We’ve all been there; you wake up and suddenly, your head feels like it’s been packed with foam. Your throat is as tender as a fresh steak. And worst of all: your nose is that impossible combination of stuffed and runny. Is there any greater way to start a day?
The upside to all of this is that it is, for the most part, temporary. There is a linear cause and effect of nasal congestion or a runny nose, and it can be treated with different sprays or home remedies. If the congestion stays longer than a week and not because of annoying allergies, which do cause congestion as well, then perhaps it is more serious and needs more medical attention.
By and large, nasal congestion is caused by anything that irritates tissue in the nose. Excessive nasal back-up is not necessarily because of a large amount of mucus initially in the sinus cavity, but due to swelling of blood vessels. This can be caused by anything, from a passerby’s cigarette, to a common virus, or even serious polyps.
Nasal congestion can be the result of a contagious self-limited virus: the common part of the common cold. It is generally known as a viral upper respiratory tract infection. For those of us who are not doctors, it means this: you’re going to have a lot of problems/inconveniences with the top part of your body (torso and higher), so you need to rest and recover. Once you’ve recovered, chances are that it will be the last time that this particular strain of cold haunts you. The number of cold strains is seemingly endless, but they all amount to similar symptoms in the end.
The basic outcome of having nasal congestion is that you’re going to be spending a lot of time with a box of tissues. A stuffy nose can feel and appear more serious than its casual classification suggests. It takes about a week for it to resolve, but until then it will make your nose feel heavy and sore, especially the area around the nose where the sinus cavities are. The area in and around the nose could also be raw from trying to purge the mucus from your system.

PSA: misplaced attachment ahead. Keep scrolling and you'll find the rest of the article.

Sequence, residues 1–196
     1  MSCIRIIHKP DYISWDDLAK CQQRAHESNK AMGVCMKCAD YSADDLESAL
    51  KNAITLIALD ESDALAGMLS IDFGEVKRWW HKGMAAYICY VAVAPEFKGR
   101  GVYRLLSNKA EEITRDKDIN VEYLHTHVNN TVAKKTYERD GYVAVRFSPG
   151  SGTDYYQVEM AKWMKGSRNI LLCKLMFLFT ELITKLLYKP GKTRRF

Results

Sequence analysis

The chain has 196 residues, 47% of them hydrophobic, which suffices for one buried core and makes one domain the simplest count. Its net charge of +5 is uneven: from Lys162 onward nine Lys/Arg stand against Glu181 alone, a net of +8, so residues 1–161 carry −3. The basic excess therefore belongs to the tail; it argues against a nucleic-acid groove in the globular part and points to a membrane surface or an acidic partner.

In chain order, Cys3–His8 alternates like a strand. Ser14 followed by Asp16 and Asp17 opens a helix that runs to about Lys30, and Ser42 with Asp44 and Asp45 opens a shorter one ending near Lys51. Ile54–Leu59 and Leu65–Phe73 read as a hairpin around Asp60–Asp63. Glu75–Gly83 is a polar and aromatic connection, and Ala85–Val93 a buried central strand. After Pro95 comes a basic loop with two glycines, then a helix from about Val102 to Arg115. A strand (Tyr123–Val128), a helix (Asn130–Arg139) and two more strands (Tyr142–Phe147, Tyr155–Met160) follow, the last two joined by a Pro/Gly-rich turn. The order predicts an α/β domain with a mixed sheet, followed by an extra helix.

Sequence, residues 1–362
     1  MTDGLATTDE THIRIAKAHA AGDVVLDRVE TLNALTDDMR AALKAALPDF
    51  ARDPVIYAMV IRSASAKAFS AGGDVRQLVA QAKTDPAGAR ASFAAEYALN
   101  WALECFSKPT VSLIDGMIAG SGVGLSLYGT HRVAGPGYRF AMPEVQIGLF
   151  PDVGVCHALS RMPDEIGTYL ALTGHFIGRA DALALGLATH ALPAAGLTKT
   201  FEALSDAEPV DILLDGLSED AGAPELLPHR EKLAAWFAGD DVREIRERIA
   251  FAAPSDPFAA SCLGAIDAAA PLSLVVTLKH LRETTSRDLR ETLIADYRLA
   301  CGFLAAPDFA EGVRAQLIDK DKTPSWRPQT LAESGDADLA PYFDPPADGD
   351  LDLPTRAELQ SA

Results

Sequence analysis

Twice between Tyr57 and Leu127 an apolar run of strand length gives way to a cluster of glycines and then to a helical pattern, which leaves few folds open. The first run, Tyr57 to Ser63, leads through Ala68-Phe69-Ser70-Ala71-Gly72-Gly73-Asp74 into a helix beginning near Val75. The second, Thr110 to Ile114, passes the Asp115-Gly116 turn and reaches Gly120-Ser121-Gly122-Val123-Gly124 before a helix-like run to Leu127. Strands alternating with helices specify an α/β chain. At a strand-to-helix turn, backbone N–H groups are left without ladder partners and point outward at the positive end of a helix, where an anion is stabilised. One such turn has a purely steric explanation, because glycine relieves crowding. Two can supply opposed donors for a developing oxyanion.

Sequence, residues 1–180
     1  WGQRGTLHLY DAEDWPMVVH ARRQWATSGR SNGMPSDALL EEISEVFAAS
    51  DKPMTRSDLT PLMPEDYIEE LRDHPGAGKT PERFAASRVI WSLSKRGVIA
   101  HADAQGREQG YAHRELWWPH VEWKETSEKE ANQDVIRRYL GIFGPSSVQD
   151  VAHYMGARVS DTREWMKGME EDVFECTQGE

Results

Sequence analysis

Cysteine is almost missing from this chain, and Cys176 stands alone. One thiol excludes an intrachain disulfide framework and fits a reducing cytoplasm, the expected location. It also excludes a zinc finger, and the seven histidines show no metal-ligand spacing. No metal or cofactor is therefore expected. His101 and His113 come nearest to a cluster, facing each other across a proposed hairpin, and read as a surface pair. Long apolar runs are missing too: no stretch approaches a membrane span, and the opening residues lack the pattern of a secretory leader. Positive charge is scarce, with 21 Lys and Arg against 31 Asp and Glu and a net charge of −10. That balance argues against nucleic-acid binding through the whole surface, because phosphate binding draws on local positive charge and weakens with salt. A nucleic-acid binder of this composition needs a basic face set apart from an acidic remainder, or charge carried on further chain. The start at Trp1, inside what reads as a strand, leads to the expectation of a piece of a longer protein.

Breathing through the nose just isn’t an option for awhile because the tissues are so swollen.
Eventually though, the mucus will loosen and flow, either through the nose or down your throat, which can cause congestion in your throat.
The good news is there are plenty of ways to treat nasal congestion. Here are a few:
Decongestant nasal sprays
Meant for temporary relief, medicated decongestant nasal sprays help reduce the swelling and resulting pressure in your nasal and sinus tissues wreaking havoc on your nose, thus allowing air to flow a little easier . The chief advantage of nasal sprays is their speed; since they are being delivered directly to the problem area, they start to work quickly (within three minutes). Decongestant sprays do contain medication and should be used for no more than what the product labelling suggests or what the prescriptions say as some types must be prescribed for more serious ailments.
Similar to the decongestant nasal spray, saline solutions also provide relief by loosening and washing away mucus, and preventing nasal crusting (that’s a pleasant image). Saline solutions are non-medicated and come in two types: isotonic (containing a salt level similar to that of your own body’s, suitable for everyday use) and hypertonic (containing a higher salt level, and best suited for more severe nasal reactions). It bears mentioning that hypertonic solutions are not suitable or safe for extended use, so consider turning to them only occasionally when you are experiencing more severe congestion.
Hydration is the key: tea, juice, even water. Guzzle some water with a few drops of oil of oregano and see what happens. Magic! Well, actually, science; increased hydration can help reduce pressure on the blood vessels in your nose and make breathing less of a chore. But it’ll feel like magic!